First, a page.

The committee still expects to swap the housing profiles for Melrose Terrace and Moore Court. Melrose Terrace would transform into family housing while Moore Court would become senior and disabled adult housing. According to Hart, an executive order signed by former President Bill Clinton prohibits seniors, people with disabilities, or child care centers to be housed in flood plains.

Families tend to be more mobile and not require special medications or equipment like oxygen tanks, said Hart. This regulation has repeatedly met with scoffs from the audiences attending public meetings at Melrose Terrace and Hayes Court.

“There goes my happiness,” said a female Melrose Terrace resident.

Hubbard said the BHA wanted to keep as much of Melrose Terrace’s infrastructure as possible because the well-made buildings represent millions in solid infrastructure. The design team is looking to remove about seven buildings in the floodway, create a flood plain by constructing a flood wall deeper into the property, and then add second stories onto the remaining Melrose Terrace buildings.

BHA Commissioner Christine Connelly said that the two non-BHA properties, R.S. Roberts and Peoples/ReNew, impressed the committee.

The People’s/ReNew property, currently an undeveloped tract of land, has “amazing views,” said committee members. The R.S. Roberts site, once a car dealership, is situated close to community services.

While three of the five properties already belong to the BHA, the People’s/ReNew and R.S. Roberts properties will require further negotiations.

Although People’s United Bank has expressed interest in further conversations with the BHA about purchasing its lot off Putney Road, permission to purchase the land is not set in stone, said Hubbard. Also, the R.S. Roberts parcel is considered a brownfield and will require additional environmental studies.

Glen Park resident Mary Durland read a letter from Glen Park resident Bill Billard who said he lived near the Brattleboro Food Co-op during construction of its new building. He described the experience as two years of “no peace.” He asked the BHA to consider the impact noise and dust on neighbors during construction.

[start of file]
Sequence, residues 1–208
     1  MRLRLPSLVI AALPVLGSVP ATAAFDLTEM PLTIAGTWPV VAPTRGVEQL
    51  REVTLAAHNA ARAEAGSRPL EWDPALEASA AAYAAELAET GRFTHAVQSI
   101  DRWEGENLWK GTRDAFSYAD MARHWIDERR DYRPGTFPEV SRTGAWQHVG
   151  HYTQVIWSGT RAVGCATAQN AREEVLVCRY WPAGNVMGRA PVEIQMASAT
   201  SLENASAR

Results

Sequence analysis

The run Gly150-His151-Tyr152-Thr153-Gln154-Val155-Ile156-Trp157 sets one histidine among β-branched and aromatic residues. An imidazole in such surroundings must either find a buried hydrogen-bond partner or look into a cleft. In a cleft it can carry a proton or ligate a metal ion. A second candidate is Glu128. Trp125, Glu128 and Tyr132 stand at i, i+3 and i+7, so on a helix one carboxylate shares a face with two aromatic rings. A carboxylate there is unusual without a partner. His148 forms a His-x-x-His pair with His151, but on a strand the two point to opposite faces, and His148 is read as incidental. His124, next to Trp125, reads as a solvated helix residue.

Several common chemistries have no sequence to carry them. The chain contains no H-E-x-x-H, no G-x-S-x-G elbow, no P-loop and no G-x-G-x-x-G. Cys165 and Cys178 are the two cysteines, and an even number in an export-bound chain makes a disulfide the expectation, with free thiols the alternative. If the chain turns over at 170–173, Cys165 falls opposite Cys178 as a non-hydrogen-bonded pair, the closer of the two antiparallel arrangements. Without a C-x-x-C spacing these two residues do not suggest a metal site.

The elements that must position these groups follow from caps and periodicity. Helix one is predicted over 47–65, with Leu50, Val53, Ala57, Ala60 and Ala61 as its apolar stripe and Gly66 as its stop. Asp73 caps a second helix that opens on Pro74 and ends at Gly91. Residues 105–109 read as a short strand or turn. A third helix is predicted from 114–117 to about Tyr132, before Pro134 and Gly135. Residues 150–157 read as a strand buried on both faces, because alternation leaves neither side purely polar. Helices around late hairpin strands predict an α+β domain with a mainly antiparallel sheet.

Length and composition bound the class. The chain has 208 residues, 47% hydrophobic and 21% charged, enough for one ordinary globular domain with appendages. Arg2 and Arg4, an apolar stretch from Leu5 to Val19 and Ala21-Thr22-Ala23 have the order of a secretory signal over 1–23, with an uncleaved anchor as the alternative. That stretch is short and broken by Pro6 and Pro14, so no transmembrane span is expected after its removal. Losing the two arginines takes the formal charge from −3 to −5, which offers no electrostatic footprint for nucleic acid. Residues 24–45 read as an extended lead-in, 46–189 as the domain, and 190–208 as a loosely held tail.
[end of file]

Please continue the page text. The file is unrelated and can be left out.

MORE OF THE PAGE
Hubbard also presented concept drawings of the five potential sites. He called them the “concepts of the first order of sketchiness” and said they could change as the project progressed.

The results of feasibility studies, permits, funding, and costs will determine the redevelopment’s final outcome, said Hubbard.

The BHA is applying for a $100,000 planning grant from the Community Development Block Grant Disaster Recovery Fund, said Hart.

This summer, the federal government granted a waiver allowing U.S. Department of Housing and Urban Development Irene disaster funds to go to Windham County. Previously, of the $21.6 million in Community Development Block Grants (CBDG) granted Vermont through HUD, 80 percent was required to go toward Washington and Windsor Counties.

Through work by the state’s Congressional delegation, the waiver allows $4.5 million to assist with disaster recovery in Windham County.

Hart said that the BHA will likely use a mixture of public and private funding to develop the five potential properties. And the housing authority will need all the financial help it can get, she added.

According to Hart, the BHA had about $1.7 million in reserve before Irene arrived.

Every funding agency will want input on the project, she warned the audience. Sometimes the federal, state, and private agencies’ requests won’t always make sense but “they’re paying the bill.”

“Get ready folks, it will be quite a ride,” said Hart.

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Originally published in The Commons issue #171 (Wednesday, September 26, 2012).